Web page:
Then I had the opportunity as Jason, from Building 429 was about to walk out of the room – to talk to him. I felt bad, cause I knew he was getting ready to leave. But, I asked for a moment of his time. I wanted him to hear my words. Mostly my thanks. I didn’t have anything for him to sign. I told him thank you for doing what he does, and he asked what was going on with me. His fault. He took the time, and he asked. haha. So, there were the tears from the whole evening. Back again like a faithful friend. He asked if he could give me a hug, and briefly held me as I just cried. Poor guy. That was not my intention, but nor could it be prevented in that moment. I explained some of the why behind the pain, and where my hope was, or wasn’t. And, my faith too. It was a brief, but very transparent and I guess pretty vulnerable conversation. He asked about what support I had, and then he asked if he could pray with me right then. That was powerful, and the tears refused to not overflow. The prayer itself was powerful, sure, but that he simply took the time. He reminded me that I was not alone. He asked my name, and then shared that they’d pray for me on this tour. Tears aplenty.

After more of the crowd vanished, I saw the opportunity to also speak with Josh Wilson. For an odd change of pace, I was somewhat speechless. It was a fight with those tears. They wanted to be known too. All I could manage to say was thank you, for his music and for sharing his story. It wasn’t a star struck sort of speechless either. There were tears. It was an overwhelming feeling, hard to put into words, culminating from the entire evening. I was feeling some sort of stirring. Something in my heart. There were, again, tears that refused to not make their presence known. I did manage to share some of my struggles with him, even feelings not of suicide, but of wishing that I was already in Heaven. And, like the others, he listened. Mostly, he reminded me that it’s okay. Where I am right now, it’s okay. The pain I have, it’s okay. If my words forgot their filters, he wasn’t offended, and heard my heart, and pain. And, he also reminded me that God has broad shoulders, and can take it too. If I’m mad, it’s okay. If I hurt, if…any of those ifs…to talk to Him about it. I might or might not be at a place that I can do that right now. But, the point all boiled down to the fact that the things I felt, the emotions I had, they were okay. I’m not broken beyond repair, even though it often feels that way. He, again, reminded me that life is precious, and that I am too. That people need me, that I am here for a purpose, that I matter, and also that I’m not alone.

The one constant thing amongst conversation with all of them was this. They were unafraid of my tears and my pain. They didn’t run for the hills, and they didn’t hide. They saw me. It wasn’t a ton of time, but they took the time to just be with me in those moments. My seeming lack of faith didn’t make them look at me as less of a person. They were bold, encouraging, and they heard me. I can’t explain what that did in my heart, but it was undeniable. I was no longer alone in a giant crowd of people. They became the hands and feet of Jesus, in human form. They reminded me that, even if I couldn’t see beyond the pain, that it was okay. Ultimately, where I am right now is okay. In different ways, each one of them reminded me that life continues to be worth fighting, worth living, and that even if simply putting one foot in front of the other and continuing to walk was all I could do – that it was enough.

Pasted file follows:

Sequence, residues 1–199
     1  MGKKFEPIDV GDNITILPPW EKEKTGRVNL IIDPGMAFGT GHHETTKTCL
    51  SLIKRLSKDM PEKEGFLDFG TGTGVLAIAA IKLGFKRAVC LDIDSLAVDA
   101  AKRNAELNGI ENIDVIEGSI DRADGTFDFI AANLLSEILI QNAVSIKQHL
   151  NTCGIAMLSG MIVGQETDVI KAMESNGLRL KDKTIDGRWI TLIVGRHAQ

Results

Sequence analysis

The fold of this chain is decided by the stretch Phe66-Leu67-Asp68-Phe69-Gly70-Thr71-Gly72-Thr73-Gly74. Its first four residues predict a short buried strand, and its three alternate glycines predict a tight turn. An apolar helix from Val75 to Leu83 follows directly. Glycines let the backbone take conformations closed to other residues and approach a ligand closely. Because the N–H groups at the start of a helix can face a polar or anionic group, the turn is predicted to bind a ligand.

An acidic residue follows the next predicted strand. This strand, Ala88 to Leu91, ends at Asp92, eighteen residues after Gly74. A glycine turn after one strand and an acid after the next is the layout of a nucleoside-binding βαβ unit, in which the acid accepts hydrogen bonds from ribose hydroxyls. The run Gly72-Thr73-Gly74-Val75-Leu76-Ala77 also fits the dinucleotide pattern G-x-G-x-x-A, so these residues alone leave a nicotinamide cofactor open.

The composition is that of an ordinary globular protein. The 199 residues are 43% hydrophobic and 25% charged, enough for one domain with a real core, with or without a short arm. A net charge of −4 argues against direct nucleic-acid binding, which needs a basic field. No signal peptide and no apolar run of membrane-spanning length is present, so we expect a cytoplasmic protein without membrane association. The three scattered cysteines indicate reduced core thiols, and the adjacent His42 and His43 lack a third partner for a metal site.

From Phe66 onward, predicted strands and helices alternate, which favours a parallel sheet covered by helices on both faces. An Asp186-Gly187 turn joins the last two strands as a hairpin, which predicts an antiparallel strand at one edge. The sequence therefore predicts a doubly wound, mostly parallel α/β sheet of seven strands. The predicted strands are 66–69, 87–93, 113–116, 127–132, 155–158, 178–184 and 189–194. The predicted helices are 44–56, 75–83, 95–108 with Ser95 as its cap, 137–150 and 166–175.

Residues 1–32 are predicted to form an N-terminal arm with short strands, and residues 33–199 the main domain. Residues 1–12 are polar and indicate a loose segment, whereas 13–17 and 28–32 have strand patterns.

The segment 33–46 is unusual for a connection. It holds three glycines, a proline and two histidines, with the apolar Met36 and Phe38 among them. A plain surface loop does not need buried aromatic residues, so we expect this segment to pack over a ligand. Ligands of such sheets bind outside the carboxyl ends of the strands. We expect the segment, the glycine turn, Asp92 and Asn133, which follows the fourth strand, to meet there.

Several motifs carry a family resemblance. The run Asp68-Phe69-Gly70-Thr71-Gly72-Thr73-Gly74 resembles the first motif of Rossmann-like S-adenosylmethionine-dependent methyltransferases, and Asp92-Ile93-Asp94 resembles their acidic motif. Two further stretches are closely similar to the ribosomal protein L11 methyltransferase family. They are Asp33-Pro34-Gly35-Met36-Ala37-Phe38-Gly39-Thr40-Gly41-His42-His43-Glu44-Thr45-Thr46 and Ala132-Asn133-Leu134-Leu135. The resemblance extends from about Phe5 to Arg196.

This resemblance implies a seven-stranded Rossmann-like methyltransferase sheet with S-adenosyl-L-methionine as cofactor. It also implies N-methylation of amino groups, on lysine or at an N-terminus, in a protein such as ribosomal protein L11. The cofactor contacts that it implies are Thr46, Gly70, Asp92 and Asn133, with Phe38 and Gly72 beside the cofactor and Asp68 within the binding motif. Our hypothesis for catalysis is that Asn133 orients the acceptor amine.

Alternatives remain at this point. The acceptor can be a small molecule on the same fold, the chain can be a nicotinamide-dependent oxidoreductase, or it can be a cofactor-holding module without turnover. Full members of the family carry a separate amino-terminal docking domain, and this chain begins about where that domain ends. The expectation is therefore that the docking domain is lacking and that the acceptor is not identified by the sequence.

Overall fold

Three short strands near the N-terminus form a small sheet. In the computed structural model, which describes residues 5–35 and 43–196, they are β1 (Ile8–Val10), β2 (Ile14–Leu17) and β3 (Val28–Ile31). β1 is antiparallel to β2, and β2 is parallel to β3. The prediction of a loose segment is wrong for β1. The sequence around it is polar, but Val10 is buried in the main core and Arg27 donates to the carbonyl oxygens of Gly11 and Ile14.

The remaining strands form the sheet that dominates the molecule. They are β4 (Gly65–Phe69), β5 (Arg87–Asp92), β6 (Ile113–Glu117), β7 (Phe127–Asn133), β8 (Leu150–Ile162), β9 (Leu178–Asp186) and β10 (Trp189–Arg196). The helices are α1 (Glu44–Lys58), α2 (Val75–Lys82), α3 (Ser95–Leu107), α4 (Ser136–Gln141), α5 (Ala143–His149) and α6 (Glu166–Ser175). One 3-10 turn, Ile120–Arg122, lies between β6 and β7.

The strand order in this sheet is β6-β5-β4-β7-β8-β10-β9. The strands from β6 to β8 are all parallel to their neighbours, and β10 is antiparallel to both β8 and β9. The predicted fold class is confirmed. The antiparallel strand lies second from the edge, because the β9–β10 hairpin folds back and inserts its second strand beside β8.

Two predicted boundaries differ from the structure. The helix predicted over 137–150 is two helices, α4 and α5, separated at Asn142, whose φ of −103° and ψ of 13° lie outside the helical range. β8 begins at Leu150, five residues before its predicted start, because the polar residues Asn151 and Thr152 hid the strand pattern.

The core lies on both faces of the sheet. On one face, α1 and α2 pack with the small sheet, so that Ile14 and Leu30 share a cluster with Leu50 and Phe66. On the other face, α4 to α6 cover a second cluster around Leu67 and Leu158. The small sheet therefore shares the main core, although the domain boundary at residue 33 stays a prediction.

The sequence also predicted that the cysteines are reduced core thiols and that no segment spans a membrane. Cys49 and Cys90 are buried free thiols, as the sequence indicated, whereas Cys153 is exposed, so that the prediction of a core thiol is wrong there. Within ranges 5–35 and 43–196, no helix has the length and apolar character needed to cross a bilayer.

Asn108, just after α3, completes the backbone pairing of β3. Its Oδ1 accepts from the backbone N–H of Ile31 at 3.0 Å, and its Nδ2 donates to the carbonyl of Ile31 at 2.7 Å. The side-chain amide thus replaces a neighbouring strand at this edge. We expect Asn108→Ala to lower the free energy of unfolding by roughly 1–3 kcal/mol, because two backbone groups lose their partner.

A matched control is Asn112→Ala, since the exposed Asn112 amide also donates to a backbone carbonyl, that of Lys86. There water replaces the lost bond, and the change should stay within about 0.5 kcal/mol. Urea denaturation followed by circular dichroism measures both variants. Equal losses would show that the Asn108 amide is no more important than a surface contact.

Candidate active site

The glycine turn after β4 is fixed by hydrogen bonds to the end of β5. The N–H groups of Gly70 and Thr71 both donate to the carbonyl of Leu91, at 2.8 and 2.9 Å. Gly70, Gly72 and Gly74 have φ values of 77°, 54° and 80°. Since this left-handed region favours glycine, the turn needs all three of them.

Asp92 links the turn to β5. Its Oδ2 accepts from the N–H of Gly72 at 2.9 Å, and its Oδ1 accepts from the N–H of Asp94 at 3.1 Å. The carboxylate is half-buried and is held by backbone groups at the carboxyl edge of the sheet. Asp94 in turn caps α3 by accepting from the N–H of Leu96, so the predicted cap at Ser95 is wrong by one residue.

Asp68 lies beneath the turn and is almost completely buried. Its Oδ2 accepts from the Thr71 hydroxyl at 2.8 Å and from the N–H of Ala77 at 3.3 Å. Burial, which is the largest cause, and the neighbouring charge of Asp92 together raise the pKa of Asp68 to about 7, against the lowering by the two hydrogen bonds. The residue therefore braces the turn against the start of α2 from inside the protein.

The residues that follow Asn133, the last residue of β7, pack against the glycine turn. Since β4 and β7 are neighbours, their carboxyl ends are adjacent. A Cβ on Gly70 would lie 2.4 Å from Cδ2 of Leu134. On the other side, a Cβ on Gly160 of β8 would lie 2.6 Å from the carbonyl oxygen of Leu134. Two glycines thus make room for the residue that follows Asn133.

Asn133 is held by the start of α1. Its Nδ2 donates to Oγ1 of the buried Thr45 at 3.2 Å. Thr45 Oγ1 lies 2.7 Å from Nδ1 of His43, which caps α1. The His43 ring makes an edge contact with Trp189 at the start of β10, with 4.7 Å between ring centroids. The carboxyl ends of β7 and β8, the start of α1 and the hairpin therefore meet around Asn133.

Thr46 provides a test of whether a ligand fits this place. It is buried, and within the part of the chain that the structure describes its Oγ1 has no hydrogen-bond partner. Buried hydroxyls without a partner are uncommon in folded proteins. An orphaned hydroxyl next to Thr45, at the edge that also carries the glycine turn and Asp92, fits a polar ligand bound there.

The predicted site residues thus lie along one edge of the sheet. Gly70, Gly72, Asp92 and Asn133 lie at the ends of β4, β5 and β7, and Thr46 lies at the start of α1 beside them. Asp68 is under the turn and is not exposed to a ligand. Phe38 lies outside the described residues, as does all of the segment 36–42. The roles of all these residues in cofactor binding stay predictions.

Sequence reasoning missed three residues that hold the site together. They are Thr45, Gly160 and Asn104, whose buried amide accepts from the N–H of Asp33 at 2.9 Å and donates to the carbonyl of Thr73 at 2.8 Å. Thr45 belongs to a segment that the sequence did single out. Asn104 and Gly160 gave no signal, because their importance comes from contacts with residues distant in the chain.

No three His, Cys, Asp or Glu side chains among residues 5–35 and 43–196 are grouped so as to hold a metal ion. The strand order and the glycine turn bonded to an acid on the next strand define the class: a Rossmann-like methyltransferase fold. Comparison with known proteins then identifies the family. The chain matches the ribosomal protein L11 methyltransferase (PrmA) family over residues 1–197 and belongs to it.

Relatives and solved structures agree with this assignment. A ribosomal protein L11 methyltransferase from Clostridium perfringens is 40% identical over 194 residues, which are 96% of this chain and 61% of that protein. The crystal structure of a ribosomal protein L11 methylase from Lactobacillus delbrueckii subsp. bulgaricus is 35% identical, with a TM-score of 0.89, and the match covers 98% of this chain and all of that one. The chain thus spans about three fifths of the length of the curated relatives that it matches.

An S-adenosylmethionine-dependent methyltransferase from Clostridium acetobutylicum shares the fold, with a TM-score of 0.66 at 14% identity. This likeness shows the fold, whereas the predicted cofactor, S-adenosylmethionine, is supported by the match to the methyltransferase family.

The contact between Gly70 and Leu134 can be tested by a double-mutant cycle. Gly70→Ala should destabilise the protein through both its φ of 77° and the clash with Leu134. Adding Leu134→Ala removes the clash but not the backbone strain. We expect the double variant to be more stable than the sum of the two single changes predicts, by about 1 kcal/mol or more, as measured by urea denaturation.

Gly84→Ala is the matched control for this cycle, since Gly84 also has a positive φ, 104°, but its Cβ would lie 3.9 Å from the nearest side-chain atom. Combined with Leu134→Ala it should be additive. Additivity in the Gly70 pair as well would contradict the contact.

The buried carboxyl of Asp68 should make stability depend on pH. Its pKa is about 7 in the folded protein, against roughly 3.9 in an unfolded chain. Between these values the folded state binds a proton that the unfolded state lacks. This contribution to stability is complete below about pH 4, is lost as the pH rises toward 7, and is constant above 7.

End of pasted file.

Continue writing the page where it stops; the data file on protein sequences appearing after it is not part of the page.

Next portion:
So, folks, that’s where I am right now. You can take a look at yesterday’s post and get a general feel for where I am in general, and why last night’s concert was as impactful as it was. If you pray, I welcome those. If you have hope, I welcome you to hope. Even during the moments I can’t…I ask you to hold onto those things for me cause maybe there will be a time they exist again in my life. Whatever you do, and wherever you are, I welcome you to join me. I know there is strength in community, and I know there is healing and hope also found there. I may not have a good grasp, or none at all, on some of these things right now, but if you do – please don’t let go.

And for any musician apt to play shows or concerts – this, friends, this is why what you matters. This is why a concert is so much more than just good music, or great music in this case. It’s more than entertainment. The simple gestures, hugs, moments in time that you offer or share – those change lives. Those share hope with the hopeless. What you do is life changing for some, life-giving for others, and even life-saving for some. Please know that music is a place where people can feel safe and seek refuge. I am that person. Music is a safe place. Thank you for that gift.

And, to DCA Events, thank you for playing your part in making concerts like these happen. To quote what Dan says of himself and DCA Events, “….As a believer and follower of Christ, it’s what we are called to do. Dca Events is here to bring Jesus to the hurting & lost, our concerts are about promoting positive influence thru music. That positive influence is Jesus.”  Dan, and DCA Events, thank you for the mission you have, and for doing it well. Like I mentioned before, this shows me who Jesus is, in human form.

I still have many questions, a lot of pain, and a faith and life with so many questions and concerns – but I am not the same person I walked into the concert as. I don’t know what that means, but I do know that I’m grateful to have had the experience, and for the safe place it provided.